In dismissing the application with respect to the group member insurers, Derham AsJ found that the power of the court to order a group member insurer to provide security costs was not enlivened because there was no suggestion that there was any risk that the group member insurers would not be able to pay the utility’s costs if any were ordered to do so. This was the “critical factor” necessary to enliven the jurisdiction of the court to make the order to provide security for costs.

In light of the finding that the power was not enlivened, Derham AsJ did not find it necessary to reach a conclusion on the question of whether the court possesses the power to order a group member insurer to provide security for costs; he simply found that the power was not enlivened “assuming it to exist”. As a result, the question of whether a court has the power to make such an order remains open to be answered in another case. In relation to this question, Derham AsJ did, however, reject the submission made on behalf of group member insurers that the court does not have the power to order them to provide security for costs because they are, in effect, group members and the relevant provisions of the Supreme Court Act 1986 (Vic) curtail the power of the court to make orders for costs against group members. His Honour found that, whilst the group member insurers stand in the shoes of group members, they are not the group members. Accordingly, His Honour stated that, in his view, the power to make an order for costs against the group member insurers existed, but it was unnecessary to come to a final conclusion as to the power because the power would not be enlivened in any event.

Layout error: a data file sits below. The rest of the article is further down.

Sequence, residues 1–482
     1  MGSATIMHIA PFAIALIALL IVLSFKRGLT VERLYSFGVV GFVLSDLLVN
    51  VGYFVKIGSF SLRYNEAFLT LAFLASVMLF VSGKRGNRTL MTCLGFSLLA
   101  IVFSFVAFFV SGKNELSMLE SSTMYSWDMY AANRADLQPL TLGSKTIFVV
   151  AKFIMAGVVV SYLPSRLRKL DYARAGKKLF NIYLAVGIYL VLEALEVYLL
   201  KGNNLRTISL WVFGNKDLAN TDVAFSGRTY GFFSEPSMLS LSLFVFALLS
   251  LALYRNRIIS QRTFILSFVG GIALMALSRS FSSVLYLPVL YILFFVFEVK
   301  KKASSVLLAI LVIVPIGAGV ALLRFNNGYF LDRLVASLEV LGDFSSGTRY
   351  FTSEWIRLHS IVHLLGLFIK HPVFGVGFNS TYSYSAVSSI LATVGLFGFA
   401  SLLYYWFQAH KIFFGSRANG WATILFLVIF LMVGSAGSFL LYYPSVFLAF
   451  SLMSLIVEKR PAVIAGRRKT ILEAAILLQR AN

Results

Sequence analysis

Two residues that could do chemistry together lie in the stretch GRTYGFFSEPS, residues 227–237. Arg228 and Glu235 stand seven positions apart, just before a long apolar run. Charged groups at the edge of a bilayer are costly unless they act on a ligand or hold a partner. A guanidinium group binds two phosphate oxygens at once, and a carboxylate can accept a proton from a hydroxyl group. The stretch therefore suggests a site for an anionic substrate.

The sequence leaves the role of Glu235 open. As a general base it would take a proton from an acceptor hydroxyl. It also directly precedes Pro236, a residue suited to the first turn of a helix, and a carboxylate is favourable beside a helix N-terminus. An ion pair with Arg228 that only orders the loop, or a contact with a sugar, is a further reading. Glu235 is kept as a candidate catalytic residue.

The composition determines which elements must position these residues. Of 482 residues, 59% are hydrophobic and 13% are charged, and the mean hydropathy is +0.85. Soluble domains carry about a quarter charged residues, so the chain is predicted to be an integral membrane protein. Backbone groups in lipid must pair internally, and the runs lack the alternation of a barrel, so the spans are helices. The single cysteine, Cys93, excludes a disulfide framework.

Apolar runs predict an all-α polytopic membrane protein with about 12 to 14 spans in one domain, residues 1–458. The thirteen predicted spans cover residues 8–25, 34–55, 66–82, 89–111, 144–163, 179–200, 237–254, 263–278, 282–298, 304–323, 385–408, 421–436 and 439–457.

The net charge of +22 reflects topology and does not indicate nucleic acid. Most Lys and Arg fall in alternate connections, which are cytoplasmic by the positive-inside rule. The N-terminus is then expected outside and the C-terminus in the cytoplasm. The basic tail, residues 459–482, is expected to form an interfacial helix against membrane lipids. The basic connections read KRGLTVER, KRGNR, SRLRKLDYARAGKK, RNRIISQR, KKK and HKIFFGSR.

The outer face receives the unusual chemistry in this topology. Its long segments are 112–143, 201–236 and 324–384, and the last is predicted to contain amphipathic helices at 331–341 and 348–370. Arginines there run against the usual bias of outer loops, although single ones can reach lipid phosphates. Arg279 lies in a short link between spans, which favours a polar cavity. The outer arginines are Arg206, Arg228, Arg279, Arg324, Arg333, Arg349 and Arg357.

The application by the utility is unique in that, whilst applications for security for costs have previously been made (in some cases successfully) against non-parties, including litigation funders, the utility was unable to point to any case where an order for security for costs had been made against an insurer exercising its subrogated rights. Whilst Derham AsJ did not come to a final conclusion as to the power of the court to make an order for security for costs against group member insurers, his obiter comments suggest such a power may exist.